Jesus is speaking (through a messenger). Our Saviour promises to be here soon.
He will arrive bringing along rewards and repayments according to everyone's work.
It's enough to make any works-phobic Lutheran faint. :)
Does this passage mean that salvation is a transactional matter requiring a certain quantity and quality of good works on our part in order to "earn" God's favour?
The promise is to "repay according to everyone's work." In Jesus Christ, God - our Creator and Heavenly Father - chooses to stand among us as one of us. As such, Jesus' work is counted among our work; and, the rewards of Jesus' atoning work overflow to all who would but hold open their hands and hearts to receive them. Note the invitation for all to wash in the waters of baptism (verse 14). Hear Christ's yearning that anyone and everyone might join the Spirit and the Church in crying out, "Come, Lord Jesus!"
Does this passage mean that our works, good or bad, do not matter?
Verse 15 makes plain that there are actions that are themselves the manifestations of hands and hearts clenched willfully shut. Such actions offend instead of honouring God while they truly love neither the self nor the neighbour. I do not like this. It offends some of my post-modern sensibilities and makes me uncomfortable. I want all to be saved regardless of merit or will. It seems God desires that too, but is unwilling or unable to force the mutual love and respect of right-relations upon those who stand resolutely resistant.
I am tempted to focus here upon how my hands and heart are still closed at times. Surely, I have come no where close to perfection in this walk of faith. However, I have been blessed and nurtured by my time inside the imperfect yet healing arms of the church. I have faith in the promise that the rewards of Jesus' work to reconnect us to the heart of Parent God overflow to me whether I earn them on a given day or not.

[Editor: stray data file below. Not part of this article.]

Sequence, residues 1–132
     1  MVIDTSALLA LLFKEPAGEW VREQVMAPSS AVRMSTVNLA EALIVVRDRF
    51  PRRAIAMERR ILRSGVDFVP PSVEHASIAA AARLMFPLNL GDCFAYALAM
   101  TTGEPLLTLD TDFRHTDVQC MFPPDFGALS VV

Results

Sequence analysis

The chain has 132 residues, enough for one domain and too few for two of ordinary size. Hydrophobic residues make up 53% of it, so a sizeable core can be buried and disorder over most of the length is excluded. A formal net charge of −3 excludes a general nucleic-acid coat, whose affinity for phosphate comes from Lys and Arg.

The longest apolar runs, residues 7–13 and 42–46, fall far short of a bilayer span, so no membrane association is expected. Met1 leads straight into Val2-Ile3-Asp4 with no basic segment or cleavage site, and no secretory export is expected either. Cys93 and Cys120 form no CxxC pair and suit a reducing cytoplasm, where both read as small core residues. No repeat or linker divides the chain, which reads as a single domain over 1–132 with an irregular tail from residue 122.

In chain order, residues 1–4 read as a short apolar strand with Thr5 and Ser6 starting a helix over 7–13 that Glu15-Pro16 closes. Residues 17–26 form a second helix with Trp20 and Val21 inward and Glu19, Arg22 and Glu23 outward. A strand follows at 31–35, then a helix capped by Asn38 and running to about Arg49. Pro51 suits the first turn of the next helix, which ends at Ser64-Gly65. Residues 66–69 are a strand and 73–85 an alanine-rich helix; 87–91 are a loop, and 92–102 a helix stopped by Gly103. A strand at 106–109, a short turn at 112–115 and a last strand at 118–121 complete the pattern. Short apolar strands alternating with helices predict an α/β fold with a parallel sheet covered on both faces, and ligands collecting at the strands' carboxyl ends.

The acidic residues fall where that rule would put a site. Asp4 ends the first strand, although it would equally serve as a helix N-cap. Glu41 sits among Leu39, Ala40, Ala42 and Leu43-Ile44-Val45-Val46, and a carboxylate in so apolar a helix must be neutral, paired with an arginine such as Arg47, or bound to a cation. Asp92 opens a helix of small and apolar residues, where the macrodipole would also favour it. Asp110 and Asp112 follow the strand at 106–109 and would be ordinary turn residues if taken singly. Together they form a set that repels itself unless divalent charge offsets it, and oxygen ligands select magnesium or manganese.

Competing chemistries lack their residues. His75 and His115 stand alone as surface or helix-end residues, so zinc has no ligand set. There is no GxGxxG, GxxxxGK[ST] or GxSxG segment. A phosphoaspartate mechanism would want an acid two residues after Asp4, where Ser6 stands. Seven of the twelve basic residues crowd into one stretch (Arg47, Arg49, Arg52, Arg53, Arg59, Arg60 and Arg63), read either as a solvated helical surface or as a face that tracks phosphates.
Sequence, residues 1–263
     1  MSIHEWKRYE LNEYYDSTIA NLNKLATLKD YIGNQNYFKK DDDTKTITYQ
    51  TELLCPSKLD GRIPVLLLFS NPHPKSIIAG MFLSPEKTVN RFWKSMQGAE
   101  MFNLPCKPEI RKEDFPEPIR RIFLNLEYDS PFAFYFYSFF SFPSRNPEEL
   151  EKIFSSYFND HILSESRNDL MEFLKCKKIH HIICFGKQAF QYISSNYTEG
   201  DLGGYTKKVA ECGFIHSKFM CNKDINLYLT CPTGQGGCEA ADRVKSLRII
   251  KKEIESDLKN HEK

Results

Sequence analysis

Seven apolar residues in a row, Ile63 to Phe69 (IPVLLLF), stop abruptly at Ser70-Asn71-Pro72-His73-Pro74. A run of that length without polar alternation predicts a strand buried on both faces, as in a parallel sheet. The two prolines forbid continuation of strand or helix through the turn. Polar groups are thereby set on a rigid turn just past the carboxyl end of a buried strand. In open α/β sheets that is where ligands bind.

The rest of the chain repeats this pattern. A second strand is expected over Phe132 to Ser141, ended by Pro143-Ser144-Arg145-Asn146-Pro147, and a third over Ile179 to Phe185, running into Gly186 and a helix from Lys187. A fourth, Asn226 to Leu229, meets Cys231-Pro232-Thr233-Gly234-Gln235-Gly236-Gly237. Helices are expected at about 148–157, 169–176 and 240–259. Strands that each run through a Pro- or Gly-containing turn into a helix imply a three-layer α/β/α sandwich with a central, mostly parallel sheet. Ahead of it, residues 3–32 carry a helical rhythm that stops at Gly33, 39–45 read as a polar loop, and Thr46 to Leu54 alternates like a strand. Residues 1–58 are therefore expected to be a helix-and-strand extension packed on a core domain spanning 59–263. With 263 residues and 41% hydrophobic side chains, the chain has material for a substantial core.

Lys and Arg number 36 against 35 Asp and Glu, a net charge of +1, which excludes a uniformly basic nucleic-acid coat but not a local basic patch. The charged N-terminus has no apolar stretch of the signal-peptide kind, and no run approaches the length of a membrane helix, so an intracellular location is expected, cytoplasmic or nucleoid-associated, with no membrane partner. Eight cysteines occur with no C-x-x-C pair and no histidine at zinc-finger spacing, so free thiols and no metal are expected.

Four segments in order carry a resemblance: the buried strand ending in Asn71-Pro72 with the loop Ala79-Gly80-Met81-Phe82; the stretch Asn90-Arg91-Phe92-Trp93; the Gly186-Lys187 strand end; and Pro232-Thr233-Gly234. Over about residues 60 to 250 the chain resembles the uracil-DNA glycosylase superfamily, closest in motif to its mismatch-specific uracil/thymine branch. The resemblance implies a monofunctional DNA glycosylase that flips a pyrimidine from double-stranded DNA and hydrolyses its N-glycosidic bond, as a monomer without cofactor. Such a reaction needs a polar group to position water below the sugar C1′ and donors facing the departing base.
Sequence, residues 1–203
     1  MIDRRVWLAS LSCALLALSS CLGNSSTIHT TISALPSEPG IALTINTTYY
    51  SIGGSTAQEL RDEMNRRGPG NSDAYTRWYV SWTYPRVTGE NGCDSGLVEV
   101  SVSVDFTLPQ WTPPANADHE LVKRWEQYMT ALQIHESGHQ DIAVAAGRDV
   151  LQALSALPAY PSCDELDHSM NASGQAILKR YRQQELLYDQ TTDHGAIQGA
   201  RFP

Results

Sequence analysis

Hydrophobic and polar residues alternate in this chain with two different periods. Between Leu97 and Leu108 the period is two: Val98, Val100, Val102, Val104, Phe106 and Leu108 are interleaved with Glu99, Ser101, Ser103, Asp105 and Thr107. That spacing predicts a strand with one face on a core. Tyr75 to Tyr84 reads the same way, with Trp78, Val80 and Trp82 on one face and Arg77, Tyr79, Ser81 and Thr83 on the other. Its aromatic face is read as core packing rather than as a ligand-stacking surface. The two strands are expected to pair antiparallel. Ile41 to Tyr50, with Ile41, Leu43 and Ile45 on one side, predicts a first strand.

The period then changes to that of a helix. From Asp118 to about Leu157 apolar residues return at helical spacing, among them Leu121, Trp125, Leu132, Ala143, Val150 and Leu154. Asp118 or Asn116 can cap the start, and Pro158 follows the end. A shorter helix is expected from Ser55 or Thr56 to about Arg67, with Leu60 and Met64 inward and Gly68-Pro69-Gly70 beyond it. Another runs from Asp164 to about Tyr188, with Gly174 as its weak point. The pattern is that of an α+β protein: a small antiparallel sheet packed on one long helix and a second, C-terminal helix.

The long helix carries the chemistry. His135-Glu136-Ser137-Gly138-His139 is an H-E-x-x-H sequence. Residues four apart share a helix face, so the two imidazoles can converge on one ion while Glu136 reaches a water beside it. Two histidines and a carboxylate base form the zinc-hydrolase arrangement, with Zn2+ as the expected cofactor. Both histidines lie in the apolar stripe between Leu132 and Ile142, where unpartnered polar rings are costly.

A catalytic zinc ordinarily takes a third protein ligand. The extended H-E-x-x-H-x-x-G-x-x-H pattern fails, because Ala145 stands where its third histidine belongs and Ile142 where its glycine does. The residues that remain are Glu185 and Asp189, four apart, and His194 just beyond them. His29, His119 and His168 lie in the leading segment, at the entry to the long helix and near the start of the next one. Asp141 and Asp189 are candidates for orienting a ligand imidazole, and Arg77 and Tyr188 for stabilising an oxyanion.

Standing in this faith, to entertain the accuser's assessment of my shortcomings unduly is to become complacent with respect to the real work Revelation 22 calls me - and I will be so bold as to say "you" and "us" - to. We are to join in the call we have heard from the Spirit: "Come!"
It is a prayer of invocation: "Come, Lord Jesus, Come!"
It is invitational proclamation: "Come! Let everyone - be they dog, sorcerer, fornicator, idolator - let everyone who thirsts for love that is true and mutual come!"
The fruitful challenge for me today in this text is not, "why do you resist receiving God's grace?"
Rather, the Spirit stirs in me saying, "why are you so reticent to share the grace you have received?"
Come, Lord Jesus, Come! Do not let us fail to see and hear you present and at work amidst those of little worth according to the kingdoms of this world. Rather, let us join your saving work of extending grace to all who would receive it. Forgive us where we fail and deliver us from obsession with faults to a true faith in your unconditional love for us, that we may be increasingly bold in our service to You and our neighbours as disciples. Amen.